Art is dead, long live to the machine art. Vladimir Tatlin.
‘Machine’ is one of the principal concepts of the modernity. Machine is accurately described, by Broeckmann, as a productive assemblage of forces towards a non-teleological end [1, p.195]. This concept has determined the fate of all sort of practices aimed at producing, organizing, planning, designing, and/or projecting all sort of objects, spaces, social structures, sonic rhythms, and visual sensations in the western societies along at least the last two centuries. In spite of the heterogeneity of forces that are assembled, this concept is totalizing because first, it covers production, organization, and serialization; and second it encompasses all forms of creative work that are treated in similar manners and usually tends towards homogenisation into an uniform social structure at the the same tic-tac-rhythm.
The machinic is the principle that specifies these assemblages, it differs, for instance, from mechanical, electrical, and digital because it covers all of them as characteristics of different sorts of machines, to determine then that what matters is the kind of work the machine does.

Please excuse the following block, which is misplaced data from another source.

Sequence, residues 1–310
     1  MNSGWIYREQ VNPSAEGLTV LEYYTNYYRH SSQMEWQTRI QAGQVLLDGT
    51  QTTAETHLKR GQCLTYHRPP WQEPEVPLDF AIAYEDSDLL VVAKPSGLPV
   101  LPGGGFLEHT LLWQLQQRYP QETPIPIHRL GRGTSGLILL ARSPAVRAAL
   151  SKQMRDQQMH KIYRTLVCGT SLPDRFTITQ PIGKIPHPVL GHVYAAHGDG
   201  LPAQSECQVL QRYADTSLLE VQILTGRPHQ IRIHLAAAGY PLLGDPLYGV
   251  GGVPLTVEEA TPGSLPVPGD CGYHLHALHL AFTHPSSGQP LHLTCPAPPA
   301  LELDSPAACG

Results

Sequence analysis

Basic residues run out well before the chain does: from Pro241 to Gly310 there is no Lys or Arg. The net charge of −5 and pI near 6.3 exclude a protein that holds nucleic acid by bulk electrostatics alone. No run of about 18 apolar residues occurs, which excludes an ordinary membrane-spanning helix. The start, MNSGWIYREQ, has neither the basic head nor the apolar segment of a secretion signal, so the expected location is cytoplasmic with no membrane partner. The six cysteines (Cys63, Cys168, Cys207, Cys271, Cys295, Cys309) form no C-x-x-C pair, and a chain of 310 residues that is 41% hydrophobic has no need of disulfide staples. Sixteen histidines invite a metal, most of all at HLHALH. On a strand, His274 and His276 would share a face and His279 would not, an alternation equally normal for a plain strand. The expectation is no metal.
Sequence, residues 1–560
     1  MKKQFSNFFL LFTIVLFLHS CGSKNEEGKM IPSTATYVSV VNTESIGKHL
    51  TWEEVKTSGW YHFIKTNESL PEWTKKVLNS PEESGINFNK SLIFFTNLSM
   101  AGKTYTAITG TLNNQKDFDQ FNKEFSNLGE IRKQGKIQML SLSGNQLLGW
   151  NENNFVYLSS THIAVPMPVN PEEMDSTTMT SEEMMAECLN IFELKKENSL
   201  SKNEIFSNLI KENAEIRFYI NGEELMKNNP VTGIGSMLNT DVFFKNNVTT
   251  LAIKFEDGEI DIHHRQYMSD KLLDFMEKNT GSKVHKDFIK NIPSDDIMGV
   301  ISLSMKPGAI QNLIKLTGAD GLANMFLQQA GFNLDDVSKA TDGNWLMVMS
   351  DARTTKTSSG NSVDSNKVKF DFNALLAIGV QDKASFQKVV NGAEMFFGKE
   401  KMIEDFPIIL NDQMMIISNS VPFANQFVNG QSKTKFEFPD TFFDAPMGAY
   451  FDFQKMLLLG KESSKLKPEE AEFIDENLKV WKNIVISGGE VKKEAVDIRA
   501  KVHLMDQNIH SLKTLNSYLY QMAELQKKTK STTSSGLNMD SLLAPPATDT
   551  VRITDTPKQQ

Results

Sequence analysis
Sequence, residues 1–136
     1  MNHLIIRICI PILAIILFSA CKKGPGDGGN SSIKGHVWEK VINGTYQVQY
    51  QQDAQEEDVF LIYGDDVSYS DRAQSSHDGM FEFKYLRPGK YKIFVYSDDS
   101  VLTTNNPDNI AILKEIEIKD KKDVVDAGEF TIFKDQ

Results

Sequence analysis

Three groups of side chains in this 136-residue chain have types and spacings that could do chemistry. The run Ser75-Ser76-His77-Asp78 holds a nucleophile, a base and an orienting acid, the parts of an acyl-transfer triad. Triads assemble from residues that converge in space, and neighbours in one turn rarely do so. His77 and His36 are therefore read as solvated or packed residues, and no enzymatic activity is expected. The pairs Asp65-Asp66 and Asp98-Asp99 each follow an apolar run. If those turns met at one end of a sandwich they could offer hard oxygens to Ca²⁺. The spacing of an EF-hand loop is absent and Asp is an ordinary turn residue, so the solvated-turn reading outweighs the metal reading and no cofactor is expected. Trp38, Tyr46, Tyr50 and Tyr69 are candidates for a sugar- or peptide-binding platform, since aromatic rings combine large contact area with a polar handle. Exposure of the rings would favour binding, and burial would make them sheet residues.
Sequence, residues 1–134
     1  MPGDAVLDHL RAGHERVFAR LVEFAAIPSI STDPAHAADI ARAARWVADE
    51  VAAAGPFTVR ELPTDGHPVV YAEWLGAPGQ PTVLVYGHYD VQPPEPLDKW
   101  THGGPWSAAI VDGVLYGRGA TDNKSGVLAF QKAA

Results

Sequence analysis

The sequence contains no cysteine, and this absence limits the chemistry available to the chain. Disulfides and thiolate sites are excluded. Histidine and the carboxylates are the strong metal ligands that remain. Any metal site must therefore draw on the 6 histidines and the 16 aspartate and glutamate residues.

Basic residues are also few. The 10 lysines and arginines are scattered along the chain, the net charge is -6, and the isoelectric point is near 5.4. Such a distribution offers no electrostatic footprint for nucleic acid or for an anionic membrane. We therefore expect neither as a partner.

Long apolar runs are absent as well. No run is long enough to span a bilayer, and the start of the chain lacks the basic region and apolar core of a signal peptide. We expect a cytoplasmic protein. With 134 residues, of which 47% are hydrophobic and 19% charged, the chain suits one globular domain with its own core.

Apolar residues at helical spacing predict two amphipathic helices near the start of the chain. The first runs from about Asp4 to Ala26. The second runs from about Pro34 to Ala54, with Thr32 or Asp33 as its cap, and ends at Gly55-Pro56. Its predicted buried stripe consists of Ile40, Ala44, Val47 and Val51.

Let’s take as example a combinatory machines such as a blender. In a blender different fruits are mixed to produce juice, thus a mix is a homogeneous surface resulting from the assemblage of dissimilar sources. Clearly, a blender could be described as a mechanical machine but mechanical is not enough when specifying the principle that rules a machine that mixes. Mixing is a type of machinic principle.
Remix is another step up in the spiral of rhythm machines that combine ready-made material into new instances. Today, remix can be found everywhere, it has become the form of production per excellence of our times. Lev Manovich has called attention to the remix in contemporary cinema, visual communication, and architecture in which the results are hybrid forms with an homogeneous and fluid surface, and an unreal aesthetic.
If remixing is considered a machinic process, then is a different type of machine art. These forms of machine art cannot be approached based on the type of machine, usually algorithmic, neither they can be characterised by their particular set of visual forms. Rather we have to make use of the principle of combination in which what is being combined is less important than the process itself: the (re)combination. The contemporary machine art differs from that of Tatlin because is one of conversions and not of subversions.
- Broeckmann, Andreas. “Image, Process, Performance, Machine: Aspects of an Aesthetics of The Machinic”. MediaArtHistories. Ed. Oliver Grau. Cambridge, MA: The MIT Press, 2007. 193-205